RandyLeGrant's Travel Journals


What was the strangest food you ate while traveling?

Lamb brains in Jordan.

  • 69 years old
  • From Oklahoma, United States
  • Currently in Connecticut, United States

Middle East in December

I am the Executive Director at GeoVisions. I'm in Amman, Jordan tonight and will be here through Wednesday. I'm then headed to Damascus and then Beirut to check up on our volunteers and tutors and and visit our projects.

Day 2-Monday in Amman

Jordan Amman, Jordan  |  Dec 13, 2010
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 Although I had a 17 hour work-day, I managed to jot down a few touristy types of things. If you're in Amman, here are 10 tips that you may find interesting or helpful: 

1.  Like Beijing (China) Amman is made up of circles or "rings" and it will be easier for people to find you or for you to find a site it you know which circle you're in or going to.

2.  Jordanians are the most awesome people on earth.  Friendly.  Hospitable.  Warm.  Westerners take note:  laugh more and kiss everyone you see 4 times.

3.  Spend time in the "old city."  OK...make sure you do it during the day or if at night stay in a group.  Stop and smell the food.  Drink the coffee or tea.  Walk by a Roman Ruin at night and stare at it for a while.

4.  The old "Roman" part of Amman was named Philadelphia and is still referred to as that area today.

5.  If you are approached by a beggar who happens to be a child and his lips are quivering and it's cold outside, give him a Dinar or 2.  If he could be anywhere else on earth, he would.  Just do it and move on.  And don't forget there are needs that must be met everywhere you travel.

6.  If you meet a woman in traditional dress, don't try to shake hands and those 4 kisses I mentioned above?  Forget it.  Smile and dip your head and say hello.  And when she refuses to shake hands get over yourself.  You are about to embark on an incredible learning experience.

7.  In Central and West Amman forget busses.  Taxis are all you're going to get.

8.  Shazam the music you hear in restaurants, coffee shops and shop shops.  Wow!

9.  Enjoy hot tea with mint.  Take 30 minutes to consume a glass or cup and spend that time looking all around you.

10.  The country is run by a King and a Queen.  Not tokens.  The real deal.  So you're actually not in a country.  You're in a Kingdom.

I might also add number 11, a bonus, and mention that it snows in the Middle East.  I landed in a sand storm, I was rained on from the airport to Amman (the rain was totally sand) and then today it snowed and all afternoon it rained.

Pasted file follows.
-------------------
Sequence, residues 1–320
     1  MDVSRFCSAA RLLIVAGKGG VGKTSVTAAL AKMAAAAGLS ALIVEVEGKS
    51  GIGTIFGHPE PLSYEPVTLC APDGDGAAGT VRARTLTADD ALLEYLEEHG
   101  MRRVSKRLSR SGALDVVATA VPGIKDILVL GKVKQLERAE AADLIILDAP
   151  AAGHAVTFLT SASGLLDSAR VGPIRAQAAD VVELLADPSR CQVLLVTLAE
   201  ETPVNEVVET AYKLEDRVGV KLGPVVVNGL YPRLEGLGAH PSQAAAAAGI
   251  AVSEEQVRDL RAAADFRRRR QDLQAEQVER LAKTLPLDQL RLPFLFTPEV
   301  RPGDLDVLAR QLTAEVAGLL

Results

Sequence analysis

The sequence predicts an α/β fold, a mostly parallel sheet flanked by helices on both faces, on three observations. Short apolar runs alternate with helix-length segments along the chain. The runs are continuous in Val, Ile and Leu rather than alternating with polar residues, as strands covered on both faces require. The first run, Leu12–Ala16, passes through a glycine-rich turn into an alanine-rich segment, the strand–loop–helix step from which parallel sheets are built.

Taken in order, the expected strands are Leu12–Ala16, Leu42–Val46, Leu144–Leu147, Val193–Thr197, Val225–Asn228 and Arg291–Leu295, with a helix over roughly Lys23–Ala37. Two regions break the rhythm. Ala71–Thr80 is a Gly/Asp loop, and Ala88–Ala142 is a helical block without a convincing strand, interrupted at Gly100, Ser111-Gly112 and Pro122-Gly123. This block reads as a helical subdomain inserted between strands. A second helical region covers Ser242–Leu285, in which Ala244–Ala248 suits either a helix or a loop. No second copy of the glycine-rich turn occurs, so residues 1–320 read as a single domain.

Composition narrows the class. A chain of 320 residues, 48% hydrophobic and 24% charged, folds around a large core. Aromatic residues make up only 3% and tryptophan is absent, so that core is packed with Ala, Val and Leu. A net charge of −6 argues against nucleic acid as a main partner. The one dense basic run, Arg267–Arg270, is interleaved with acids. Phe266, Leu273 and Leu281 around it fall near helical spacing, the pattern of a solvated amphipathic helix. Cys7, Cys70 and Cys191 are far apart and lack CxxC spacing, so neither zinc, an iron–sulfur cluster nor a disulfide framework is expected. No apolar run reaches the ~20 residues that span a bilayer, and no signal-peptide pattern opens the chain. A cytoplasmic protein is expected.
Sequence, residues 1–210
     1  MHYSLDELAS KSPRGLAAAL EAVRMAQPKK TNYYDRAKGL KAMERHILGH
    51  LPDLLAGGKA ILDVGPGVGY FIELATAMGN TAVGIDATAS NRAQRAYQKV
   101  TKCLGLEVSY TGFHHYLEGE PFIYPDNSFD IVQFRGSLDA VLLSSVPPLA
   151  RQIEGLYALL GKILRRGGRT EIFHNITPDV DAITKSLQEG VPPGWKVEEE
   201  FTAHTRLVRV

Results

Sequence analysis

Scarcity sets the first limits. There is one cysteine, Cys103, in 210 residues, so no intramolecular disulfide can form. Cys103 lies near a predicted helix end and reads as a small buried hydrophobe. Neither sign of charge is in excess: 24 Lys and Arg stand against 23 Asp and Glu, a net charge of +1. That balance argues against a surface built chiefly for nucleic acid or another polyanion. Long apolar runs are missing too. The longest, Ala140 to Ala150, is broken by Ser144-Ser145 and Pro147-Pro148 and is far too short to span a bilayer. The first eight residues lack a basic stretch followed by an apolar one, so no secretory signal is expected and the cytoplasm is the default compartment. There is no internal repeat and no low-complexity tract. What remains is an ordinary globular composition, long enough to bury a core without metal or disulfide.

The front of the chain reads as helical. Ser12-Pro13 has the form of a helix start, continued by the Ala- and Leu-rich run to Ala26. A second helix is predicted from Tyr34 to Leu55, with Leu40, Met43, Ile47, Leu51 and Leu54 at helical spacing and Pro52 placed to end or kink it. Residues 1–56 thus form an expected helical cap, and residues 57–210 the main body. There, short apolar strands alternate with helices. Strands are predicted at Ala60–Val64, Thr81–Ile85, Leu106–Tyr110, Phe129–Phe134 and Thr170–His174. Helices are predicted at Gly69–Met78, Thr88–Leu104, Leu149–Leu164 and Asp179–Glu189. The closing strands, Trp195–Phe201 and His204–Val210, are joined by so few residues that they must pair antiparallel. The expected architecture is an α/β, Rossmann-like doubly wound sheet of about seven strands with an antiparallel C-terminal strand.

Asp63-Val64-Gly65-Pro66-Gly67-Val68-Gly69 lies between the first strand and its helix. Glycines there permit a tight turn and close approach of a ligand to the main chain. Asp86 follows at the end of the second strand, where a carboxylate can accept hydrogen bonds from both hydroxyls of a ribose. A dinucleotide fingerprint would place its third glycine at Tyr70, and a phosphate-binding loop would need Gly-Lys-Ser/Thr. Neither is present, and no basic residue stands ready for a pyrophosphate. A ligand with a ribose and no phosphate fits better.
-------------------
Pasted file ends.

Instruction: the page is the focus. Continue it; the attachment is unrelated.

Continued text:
Today was a working day, so I'm afraid I don't have a lot of "tourist" adventures to share.  But if you ever wondered how programs are born at GeoVisions, this is a good journal entry to read.  If you're after all the tourist bits, tomorrow's entry will be much better and since I have a free day Wednesday...that's the jack-pot day.

When I'm doing programming, I put in 14-18 hour days.  Today began officially at 8:00 a.m. with a hotel pickup and ended at 12:30 a.m. with my return to the hotel to write this entry.  100% of the time was spent working.  Welcome to a 16 1/2 hour day.  But who's complaining?  I'm in Amman, Jordan.  Not a bad office...even in the rain, the blowing sand and the snow.

Think working on a schools project near the Red Sea.  Or the Dead Sea.  Even Petra.  Queen Rania of Jordan has, as one of her favorite projects, Madrasati (My School).  Approximately 15% of the 3,257 public schools in Jordan are considered badly inhabited. Volunteering with GeoVisions means you can help build and create healthy environments for Jordanian school children.  You can tutor students or, if you have teaching experience you can tutor teachers and help them with their English assignments and worksheets.  You can beautify school grounds by painting, planting and clearing.

Next meeting was incredibly exciting.  The Royal Society for the Conservation of Nature needs Conversation Partners, but for some very unique and interesting projects.  We are going to be looking for Conversation Partners to work with The House of Calligraphy, and with mappers and trail guides.  Candidates with PowerPoint skills are preferred.  Warning:  The projects are in very remote areas.

Then it was off to the Theodor Schneller School, which is actually an orphanage.  150 orphans and about 150 regular day students are at this school.  The orphans are split into "homes" and there are 15 homes on campus.  We will be looking for volunteers to plant trees, shrubs and flowers as well as paint room and work on the grounds.  We are also going to need Conversation Partners for the classrooms.

This was my day.  It ended at Ghazi Musharbash's home, a Senator in the Jordanian Parliament.  Dr. Musharbash is the General Manager of the orphanage and we did a lot of planning at his home in Amman.  17 hours.  Time to upload a few photos and go to bed to start all over again tomorrow.

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